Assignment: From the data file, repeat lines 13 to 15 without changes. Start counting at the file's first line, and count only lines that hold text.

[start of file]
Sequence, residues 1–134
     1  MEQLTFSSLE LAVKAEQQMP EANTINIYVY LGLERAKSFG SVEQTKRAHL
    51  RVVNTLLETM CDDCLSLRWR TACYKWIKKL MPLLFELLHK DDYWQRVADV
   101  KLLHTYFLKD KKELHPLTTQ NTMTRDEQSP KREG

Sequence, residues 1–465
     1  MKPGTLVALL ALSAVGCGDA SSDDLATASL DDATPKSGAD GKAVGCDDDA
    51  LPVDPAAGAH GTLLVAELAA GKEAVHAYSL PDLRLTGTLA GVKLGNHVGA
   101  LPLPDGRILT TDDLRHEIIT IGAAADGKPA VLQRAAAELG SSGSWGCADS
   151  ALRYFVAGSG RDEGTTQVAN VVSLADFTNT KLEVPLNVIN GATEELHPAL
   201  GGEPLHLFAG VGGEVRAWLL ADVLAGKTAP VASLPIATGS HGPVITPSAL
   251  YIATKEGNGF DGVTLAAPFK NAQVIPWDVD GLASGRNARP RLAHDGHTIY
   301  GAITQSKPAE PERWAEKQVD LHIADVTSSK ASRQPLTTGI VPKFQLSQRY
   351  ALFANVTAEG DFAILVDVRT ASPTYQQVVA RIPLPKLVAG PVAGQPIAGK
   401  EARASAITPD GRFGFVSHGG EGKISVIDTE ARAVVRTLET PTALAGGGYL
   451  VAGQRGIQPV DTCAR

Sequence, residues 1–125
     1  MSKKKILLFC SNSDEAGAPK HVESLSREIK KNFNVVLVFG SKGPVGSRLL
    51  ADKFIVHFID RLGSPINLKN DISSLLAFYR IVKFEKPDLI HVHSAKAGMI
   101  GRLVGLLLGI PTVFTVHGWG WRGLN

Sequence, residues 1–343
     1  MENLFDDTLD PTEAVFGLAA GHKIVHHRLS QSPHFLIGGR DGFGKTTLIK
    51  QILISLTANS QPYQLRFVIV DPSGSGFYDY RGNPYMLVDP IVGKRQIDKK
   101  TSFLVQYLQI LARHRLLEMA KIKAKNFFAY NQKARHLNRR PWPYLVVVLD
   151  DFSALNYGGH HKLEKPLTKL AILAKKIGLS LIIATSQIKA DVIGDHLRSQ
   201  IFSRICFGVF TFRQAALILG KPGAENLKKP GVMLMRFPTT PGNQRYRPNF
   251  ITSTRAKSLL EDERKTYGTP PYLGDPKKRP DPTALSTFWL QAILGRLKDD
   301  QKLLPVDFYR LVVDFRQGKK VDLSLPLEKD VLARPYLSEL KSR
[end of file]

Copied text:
   351  ALFANVTAEG DFAILVDVRT ASPTYQQVVA RIPLPKLVAG PVAGQPIAGK
   401  EARASAITPD GRFGFVSHGG EGKISVIDTE ARAVVRTLET PTALAGGGYL
   451  VAGQRGIQPV DTCAR